HC Deb 21 July 1890 vol 347 c338

I beg to ask the Secretary of State for War whether he accepts the statement made by Mr. Denham Robinson, Actuary to the War Office, before the Departmental Committee, presided over by Lord Camper-down, that the rate of mortality among the officers of the Army Medical Department is nearly double that among combatant officers, or in the proportion of seven combatant officers to 13 medical officers serving; and whether, in view of this high mortality, he is prepared tore-consider the question of allowing the medical officers only six months of sick leave as compared with the twelve months which are granted to combatant officers?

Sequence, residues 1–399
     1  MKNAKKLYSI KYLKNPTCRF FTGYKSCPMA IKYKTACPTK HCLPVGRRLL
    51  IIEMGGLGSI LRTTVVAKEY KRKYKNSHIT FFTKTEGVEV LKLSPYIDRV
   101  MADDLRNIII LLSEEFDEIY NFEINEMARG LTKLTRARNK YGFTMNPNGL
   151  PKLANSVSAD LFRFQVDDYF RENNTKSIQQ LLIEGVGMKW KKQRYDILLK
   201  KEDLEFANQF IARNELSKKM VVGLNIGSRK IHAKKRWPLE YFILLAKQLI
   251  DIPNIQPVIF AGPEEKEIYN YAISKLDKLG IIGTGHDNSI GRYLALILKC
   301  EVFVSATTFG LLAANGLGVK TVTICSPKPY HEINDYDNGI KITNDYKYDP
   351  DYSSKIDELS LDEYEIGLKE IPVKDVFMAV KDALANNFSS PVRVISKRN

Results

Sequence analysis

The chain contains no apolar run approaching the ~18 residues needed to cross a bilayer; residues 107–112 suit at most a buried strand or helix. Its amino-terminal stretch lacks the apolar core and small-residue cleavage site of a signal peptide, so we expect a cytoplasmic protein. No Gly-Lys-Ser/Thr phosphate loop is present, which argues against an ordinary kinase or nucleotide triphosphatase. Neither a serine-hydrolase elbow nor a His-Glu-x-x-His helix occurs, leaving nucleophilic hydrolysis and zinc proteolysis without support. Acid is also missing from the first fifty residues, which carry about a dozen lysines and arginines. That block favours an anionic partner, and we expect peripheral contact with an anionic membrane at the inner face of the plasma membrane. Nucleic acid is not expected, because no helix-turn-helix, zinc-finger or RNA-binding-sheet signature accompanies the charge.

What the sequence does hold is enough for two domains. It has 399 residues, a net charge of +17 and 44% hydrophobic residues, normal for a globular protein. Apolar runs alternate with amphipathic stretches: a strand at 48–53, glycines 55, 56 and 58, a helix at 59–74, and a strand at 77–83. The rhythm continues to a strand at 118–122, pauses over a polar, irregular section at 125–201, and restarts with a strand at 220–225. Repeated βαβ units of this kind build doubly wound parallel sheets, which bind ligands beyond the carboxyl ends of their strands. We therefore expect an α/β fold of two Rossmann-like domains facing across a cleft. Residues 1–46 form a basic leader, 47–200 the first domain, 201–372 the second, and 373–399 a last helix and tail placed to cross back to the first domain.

Taking the years of service as from 24 to 55, the loss by death out of 1,000 combatant officers would be 335.2, as compared with 497.7 out of 1,000 medical officers—nearly two to three. This medical mortality is based on the experience of the years 1852 to 1871. As I stated in reply to a previous question, the increase of sick leave is a question of expense, as substitutes would have to be provided.